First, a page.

The Affordable Care Act will go down in the annals of U.S. history as did the Edsel and New Coke, says Victor Davis Hanson, senior fellow at the Hoover Institution, a domestic policy and international affairs think tank.
"Somebody has an idea, they don’t research it sufficiently ... it's not what the public wants, they try to force it down the throat of the public, and you've got problems," Hanson told "The Steve Malzberg Show" on Newsmax TV.
"In this case, the biggest flaw of it is that you really have to tell 30 million young people who are in good health and either don't have insurance or have very cheap catastrophic insurance that they're going to have to pay a lot more for something they do not use very much," he said Wednesday.
"So, I just don't see that young people are going to flock to this. I don't see a lot of people without insurance."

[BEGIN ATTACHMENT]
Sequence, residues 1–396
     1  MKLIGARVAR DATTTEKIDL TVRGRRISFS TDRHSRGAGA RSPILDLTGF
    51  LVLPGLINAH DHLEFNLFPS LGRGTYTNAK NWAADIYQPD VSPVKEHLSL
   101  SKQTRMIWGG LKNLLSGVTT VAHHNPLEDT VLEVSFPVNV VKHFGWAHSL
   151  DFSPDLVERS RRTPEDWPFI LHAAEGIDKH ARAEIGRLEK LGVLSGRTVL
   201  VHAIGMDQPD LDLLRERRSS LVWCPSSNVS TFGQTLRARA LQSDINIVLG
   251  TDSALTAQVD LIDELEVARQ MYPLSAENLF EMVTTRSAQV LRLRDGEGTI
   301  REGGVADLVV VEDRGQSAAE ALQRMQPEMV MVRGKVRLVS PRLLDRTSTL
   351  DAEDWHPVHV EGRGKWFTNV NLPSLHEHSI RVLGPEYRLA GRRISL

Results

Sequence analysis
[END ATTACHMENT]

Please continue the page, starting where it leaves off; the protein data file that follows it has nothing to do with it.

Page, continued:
Hanson also said promises President Barack Obama made to the nation about the Affordable Care Act were hollow.
"The problem with the president is that every promise he gave the American people . . . has turned to be erroneous," he said.
"It was sold under so many different pretexts – that businesses would love it because it would make them globally competitive, that people wouldn't have to change their program, that doctors would like it – and none of it's true. None of it is.
"Whereas the Republicans suffered from the shutdown . . . it's over with. The Democrats are having a problem that's going to increase."
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